'A perfect match': Japan celebrates engagement of Princess Ayako to businessman

Kyodo News

Posted at Jul 02 2018 05:00 PM | Updated as of Jul 02 2018 05:37 PM

Japanese Princess Ayako, the third daughter of the late Prince Takamado, and her fiance Kei Moriya attend a news conference to announce their engagement at the Imperial Household Agency in Tokyo, Japan. Koji Sasahara/Pool via Reuters

TOKYO - Japanese people rejoiced Monday over the official announcement that Princess Ayako, the youngest daughter of Emperor Akihito's late cousin Prince Takamado, will get engaged to Kei Moriya, a businessman.

Prime Minister Shinzo Abe welcomed the "very good news" and said that "together with the public, I would like to extend my heartfelt congratulations."

In a statement issued following the announcement, Princess Hisako, the mother of Princess Ayako, said, "I feel they are a perfect match."

Princess Hisako, who has known Moriya's parents and introduced Moriya, 32, to Princess Ayako, 27, said she agreed to their marriage because she believed Moriya is a kind man with strong values.

The two will become officially engaged on Aug. 12 and hold a wedding ceremony on Oct. 29 at Tokyo's Meiji Shrine.

The Imperial Household Agency's Grand Steward Shinichiro Yamamoto said Princess Ayako has "sincerely engaged" in a number of official duties and fully supported Princess Hisako.

"Mr. Moriya is a brilliant person suitable for Princess Ayako and we are delighted with their impending engagement," he said.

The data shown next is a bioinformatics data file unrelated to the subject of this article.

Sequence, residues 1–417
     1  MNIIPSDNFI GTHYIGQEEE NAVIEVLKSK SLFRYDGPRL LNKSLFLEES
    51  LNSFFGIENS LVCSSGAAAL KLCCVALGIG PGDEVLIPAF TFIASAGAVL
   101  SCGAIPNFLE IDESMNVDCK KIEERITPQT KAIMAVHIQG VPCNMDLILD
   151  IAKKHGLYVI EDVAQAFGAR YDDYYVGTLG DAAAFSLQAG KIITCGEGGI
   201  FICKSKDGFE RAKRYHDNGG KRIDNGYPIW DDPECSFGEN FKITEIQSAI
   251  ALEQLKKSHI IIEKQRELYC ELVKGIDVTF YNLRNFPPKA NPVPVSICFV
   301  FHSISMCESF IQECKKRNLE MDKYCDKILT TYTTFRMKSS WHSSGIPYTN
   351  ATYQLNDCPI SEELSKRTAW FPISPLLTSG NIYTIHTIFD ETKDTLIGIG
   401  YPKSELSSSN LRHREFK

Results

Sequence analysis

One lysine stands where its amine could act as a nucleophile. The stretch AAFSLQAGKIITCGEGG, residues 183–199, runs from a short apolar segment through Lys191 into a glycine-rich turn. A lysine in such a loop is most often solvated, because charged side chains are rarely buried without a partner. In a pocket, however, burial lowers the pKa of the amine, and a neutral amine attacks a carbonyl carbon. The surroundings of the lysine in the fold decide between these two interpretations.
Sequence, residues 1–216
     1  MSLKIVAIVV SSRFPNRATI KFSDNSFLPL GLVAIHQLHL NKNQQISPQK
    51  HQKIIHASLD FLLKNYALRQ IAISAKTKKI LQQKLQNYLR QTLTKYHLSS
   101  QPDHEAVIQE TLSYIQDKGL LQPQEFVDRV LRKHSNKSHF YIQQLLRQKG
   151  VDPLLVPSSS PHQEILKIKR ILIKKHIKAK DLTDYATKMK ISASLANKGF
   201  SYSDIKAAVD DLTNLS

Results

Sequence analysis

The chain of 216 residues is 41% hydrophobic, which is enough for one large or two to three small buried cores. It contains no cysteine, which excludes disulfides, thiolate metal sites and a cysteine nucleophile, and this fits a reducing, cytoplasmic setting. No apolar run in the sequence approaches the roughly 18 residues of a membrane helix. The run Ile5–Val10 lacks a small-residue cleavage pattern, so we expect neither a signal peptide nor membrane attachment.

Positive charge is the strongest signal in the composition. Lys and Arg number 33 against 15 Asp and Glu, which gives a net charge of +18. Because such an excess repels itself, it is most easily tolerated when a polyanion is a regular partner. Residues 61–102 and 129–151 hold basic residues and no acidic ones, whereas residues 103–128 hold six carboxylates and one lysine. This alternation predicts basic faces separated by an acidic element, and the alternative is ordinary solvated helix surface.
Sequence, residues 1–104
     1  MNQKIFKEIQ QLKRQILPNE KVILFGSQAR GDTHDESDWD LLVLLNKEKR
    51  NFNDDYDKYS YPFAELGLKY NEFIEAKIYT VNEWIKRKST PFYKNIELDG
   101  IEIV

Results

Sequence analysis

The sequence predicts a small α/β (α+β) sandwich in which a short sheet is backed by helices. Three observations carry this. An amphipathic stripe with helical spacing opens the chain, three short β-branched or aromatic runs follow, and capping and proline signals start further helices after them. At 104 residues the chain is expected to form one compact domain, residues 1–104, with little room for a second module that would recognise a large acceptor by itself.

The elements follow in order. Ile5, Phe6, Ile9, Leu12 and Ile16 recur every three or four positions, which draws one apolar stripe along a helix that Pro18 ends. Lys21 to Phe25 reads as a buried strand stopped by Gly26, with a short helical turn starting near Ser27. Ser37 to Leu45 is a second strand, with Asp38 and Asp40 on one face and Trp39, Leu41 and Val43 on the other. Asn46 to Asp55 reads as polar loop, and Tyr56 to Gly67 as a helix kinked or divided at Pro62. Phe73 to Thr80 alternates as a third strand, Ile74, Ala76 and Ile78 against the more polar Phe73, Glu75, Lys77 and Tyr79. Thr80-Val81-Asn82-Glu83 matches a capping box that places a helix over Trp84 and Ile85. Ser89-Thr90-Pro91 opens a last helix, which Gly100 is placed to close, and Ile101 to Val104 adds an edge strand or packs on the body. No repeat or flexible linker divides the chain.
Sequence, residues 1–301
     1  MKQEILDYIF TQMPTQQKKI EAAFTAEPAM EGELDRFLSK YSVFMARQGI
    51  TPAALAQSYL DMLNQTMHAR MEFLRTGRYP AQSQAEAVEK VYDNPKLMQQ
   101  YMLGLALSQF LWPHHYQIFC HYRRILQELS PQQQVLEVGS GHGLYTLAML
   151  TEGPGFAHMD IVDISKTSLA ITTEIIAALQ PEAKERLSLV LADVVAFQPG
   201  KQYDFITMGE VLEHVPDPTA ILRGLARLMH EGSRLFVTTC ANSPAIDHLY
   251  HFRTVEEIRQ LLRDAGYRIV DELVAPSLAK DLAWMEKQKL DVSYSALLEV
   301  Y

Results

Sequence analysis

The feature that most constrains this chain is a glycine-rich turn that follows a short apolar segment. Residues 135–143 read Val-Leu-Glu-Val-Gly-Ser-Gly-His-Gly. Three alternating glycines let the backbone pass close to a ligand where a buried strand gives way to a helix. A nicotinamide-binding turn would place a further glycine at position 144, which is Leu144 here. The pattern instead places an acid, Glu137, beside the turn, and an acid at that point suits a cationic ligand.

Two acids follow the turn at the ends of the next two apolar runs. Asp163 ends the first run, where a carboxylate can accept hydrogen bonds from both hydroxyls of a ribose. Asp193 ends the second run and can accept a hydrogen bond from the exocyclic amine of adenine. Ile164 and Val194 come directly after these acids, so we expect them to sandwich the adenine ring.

The couple first met last December as Princess Hisako hoped to interest her daughter in international welfare activities by meeting Moriya, a board member of a nonprofit organization providing educational opportunities to children in developing countries.

Princess Ayako works as a research fellow at the Josai International University's Faculty of Social Work Studies while Moriya is an employee of major shipping firm Nippon Yusen K.K.

Moriya is in charge of the company's transactions for wooden chip transport contracts. One of his colleagues described him at work as an "intelligent and competent" person who has gained deep trust from business clients. He added Moriya becomes cheerful when he drinks alcohol.

Katsumi Kusuhara, 84, who was taking a stroll near the Imperial Palace in Tokyo, said, "I think Princess Ayako is a mature woman. I want her to build a happy family."

A 69-year-old man who lives near Moriya's apartment in Tokyo called the engagement "wonderful" and said, "Mr. Moriya is a pleasant man and a good fit for elegant Princess Ayako."